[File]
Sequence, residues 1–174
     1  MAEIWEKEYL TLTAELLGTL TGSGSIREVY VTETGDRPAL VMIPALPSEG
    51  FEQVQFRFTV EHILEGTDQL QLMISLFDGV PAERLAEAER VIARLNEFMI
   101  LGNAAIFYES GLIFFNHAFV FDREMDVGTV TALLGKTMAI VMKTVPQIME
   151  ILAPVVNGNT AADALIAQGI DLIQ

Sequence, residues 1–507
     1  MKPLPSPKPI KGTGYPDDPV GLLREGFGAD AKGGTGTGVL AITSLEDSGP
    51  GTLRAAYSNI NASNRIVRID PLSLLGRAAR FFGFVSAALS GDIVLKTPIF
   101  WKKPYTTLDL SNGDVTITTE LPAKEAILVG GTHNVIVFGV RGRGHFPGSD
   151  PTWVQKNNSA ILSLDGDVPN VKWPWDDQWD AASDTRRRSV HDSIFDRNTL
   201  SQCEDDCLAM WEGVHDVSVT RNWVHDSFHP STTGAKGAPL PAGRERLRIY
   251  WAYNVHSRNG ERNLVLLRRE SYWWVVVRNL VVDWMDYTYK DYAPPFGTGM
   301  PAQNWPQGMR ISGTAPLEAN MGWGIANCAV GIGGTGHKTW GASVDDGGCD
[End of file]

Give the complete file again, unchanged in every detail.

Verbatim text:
Sequence, residues 1–174
     1  MAEIWEKEYL TLTAELLGTL TGSGSIREVY VTETGDRPAL VMIPALPSEG
    51  FEQVQFRFTV EHILEGTDQL QLMISLFDGV PAERLAEAER VIARLNEFMI
   101  LGNAAIFYES GLIFFNHAFV FDREMDVGTV TALLGKTMAI VMKTVPQIME
   151  ILAPVVNGNT AADALIAQGI DLIQ

Sequence, residues 1–507
     1  MKPLPSPKPI KGTGYPDDPV GLLREGFGAD AKGGTGTGVL AITSLEDSGP
    51  GTLRAAYSNI NASNRIVRID PLSLLGRAAR FFGFVSAALS GDIVLKTPIF
   101  WKKPYTTLDL SNGDVTITTE LPAKEAILVG GTHNVIVFGV RGRGHFPGSD
   151  PTWVQKNNSA ILSLDGDVPN VKWPWDDQWD AASDTRRRSV HDSIFDRNTL
   201  SQCEDDCLAM WEGVHDVSVT RNWVHDSFHP STTGAKGAPL PAGRERLRIY
   251  WAYNVHSRNG ERNLVLLRRE SYWWVVVRNL VVDWMDYTYK DYAPPFGTGM
   301  PAQNWPQGMR ISGTAPLEAN MGWGIANCAV GIGGTGHKTW GASVDDGGCD